This week the guys are getting ready for Rainbow Book Fair in New York City!
The show kicks off with a brief update on Jeff’s writing and the creation of a production schedule that goes into 2019. Next, they show off the Gay Sex Coloring Book and the picture Jeff colored. On the TV side, The Voice, Dancing with the Stars and the Supergirl/Flash crossover episode are discussed.
April is Autism Awareness Month and friend-of-the-podcast Tammy Middleton is running her annual Authors “Sign Off” for Autism Awareness auction, which features an array of goodies to bid on from authors and publishers–including Jeff’s Hat Trick trilogy in paperback.
Jeff talks about Born for This by Chris Guillebeau and Jeff & Will wish the Love Bytes Review blog, run by Dani Maas, a very happy third Anniversary. The guys go over some answers to last episode’s Question of the Week. Casey at the Bat creator Bob Glasscock joins the show for an interview about the comic, what inspired him to create Casey and what is process is for writing and drawing it. Bob also asks this week’s question: “What comics do you like to read online? Long form? Sci-Fi epics? Gag-a-day?”
Here are the things we talk about in this episode:
- Gay Sex Positions: An Adult Coloring Book website (NSFW!)
- From The Voice on YouTube
- Nyle and Peta’s Rumba on Dancing with the Stars
- Supergirl/Flash crossover on CBS
- Authors “Sign Off” for Autism Awareness auction details
- Born for This: How to Find the Work You Were Meant to Do by Chris Guillebeau on Amazon | Jeff’s Review
- Love Bytes Reviews website
- Bob Glasscock’s Casey at the Bat: website | Facebook | Twitter | Tumblr
- Casey at the Bat Volume One at IndyPlanet (ebook and paperback available)
- Matt Groening’s Life in Hell overview at Simpsons Wiki
- Tim Fish (creator of Cavalcade of Boys) website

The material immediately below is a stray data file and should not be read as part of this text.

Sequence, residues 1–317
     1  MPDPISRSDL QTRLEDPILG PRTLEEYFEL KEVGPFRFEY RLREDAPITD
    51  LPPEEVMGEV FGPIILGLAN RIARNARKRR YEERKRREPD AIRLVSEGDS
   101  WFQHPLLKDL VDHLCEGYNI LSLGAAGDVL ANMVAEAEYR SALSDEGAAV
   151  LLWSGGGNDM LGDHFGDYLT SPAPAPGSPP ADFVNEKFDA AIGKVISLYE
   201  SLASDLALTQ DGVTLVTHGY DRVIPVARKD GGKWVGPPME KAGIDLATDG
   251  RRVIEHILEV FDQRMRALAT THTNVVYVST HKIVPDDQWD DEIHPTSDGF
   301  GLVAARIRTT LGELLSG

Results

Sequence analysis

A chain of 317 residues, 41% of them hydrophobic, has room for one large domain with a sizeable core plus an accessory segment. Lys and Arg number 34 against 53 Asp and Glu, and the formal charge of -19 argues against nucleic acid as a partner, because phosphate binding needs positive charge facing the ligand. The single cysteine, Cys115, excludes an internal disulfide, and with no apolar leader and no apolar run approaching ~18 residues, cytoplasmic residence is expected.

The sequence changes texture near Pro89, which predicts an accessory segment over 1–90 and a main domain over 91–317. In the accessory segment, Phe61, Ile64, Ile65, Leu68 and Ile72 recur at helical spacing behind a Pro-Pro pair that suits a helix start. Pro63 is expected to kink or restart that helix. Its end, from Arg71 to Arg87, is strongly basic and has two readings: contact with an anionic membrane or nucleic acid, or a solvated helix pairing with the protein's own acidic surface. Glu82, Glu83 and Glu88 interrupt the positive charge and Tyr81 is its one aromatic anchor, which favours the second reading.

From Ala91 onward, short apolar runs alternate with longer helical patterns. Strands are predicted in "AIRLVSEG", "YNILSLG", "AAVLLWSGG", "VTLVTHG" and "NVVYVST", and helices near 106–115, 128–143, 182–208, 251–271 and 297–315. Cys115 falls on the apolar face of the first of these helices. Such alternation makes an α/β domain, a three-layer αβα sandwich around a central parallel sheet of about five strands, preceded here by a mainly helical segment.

- Slash Pile archive of LGBT web comics on Tumblr
- Jay Fuller’s Boy In the Pink Earmuffs website | LGBT Webcomics directory
- Tony Breed Muddlers Beat website
- Jeph Jacques Questionable Content website
- FlameCon in Brooklyn, NY website
- QueerComicExpo in San Francisco, CA website
- Kyle’s Bed & Breakfast by Greg Fox website
- Check, Please! by Ngozi Ukazu website
- Rainbow Book Fair in New York, NY website
[h2]Question of the Week Episode 25 Responses:[/h2]
While listeners can leave comments on the website each week, answers come in from various other platforms as well (and we can only read a few answers on the show). Here are all the responses we got to the question “How often do you browse physical bookstores for books?” Thanks to everyone who took the time to answer.
- Nancy: I almost never go into bookstore anymore and I feel guilty about it. Before Amazon I browsed bookstores a lot, for me it was the best way to find out about new books. I started buying from Amazon in the late 1990’s. I started reading ebooks on a PDA in the early 2000’s and then switched to a Kindle. It is just easier and cheaper to buy ebooks and books from Amazon. Another factor is the amount of information available on the web from authors, publishers, bloggers and even Facebook. I recently bought a handwork book directly from an Australian publisher based on a blog I read. I never would have found the book in a US bookstore.
- A.J.: I rarely browse new bookstores, only when I’m killing time at Barnes & Noble before the movies. However, I do love browsing used bookstores. There’s something exciting about searching through the cluttered stacks of a used bookstore, like it’s a treasure hunt. Plus, the book prices at a used bookstore are competitive with ebook prices. I’m more willing to take a chance on a $3 used book than a $19 new book.
- Katie: I love walking through book stores. I go to Half Price Books couple times a year and can never leave empty handed. TBR pile is out of control.
- Gillian: I love bookstores! When I was home in NZ, I actually built up such a rapport with the owner of my local comic store that he would hold things he suspected I would like until I had the chance to look at them. Often, he was right! I didn’t develop a relationship like that at any of our local bookstores but my stepdad did, with an independent book store. When I shop at that store, I go straight to the staff and tell them the kind of book I am looking for and get their recommendations because they know books like nobody’s business.
Currently, I am in Japan! My Japanese is not at book reading levels yet but this has not prevented me from buying Japanese novels here. Because I am currently trying to save I try to avoid bookstores but still end up in one at least once a month.
Fun fact: seeing what Western books end up translated and distributed in Japan is fascinating. Sometimes the titles are completely different and a fun game to play is ‘guess the book.’ If I am in a bigger city with bookstores with English language books, I often end up browsing just to see what is currently popular.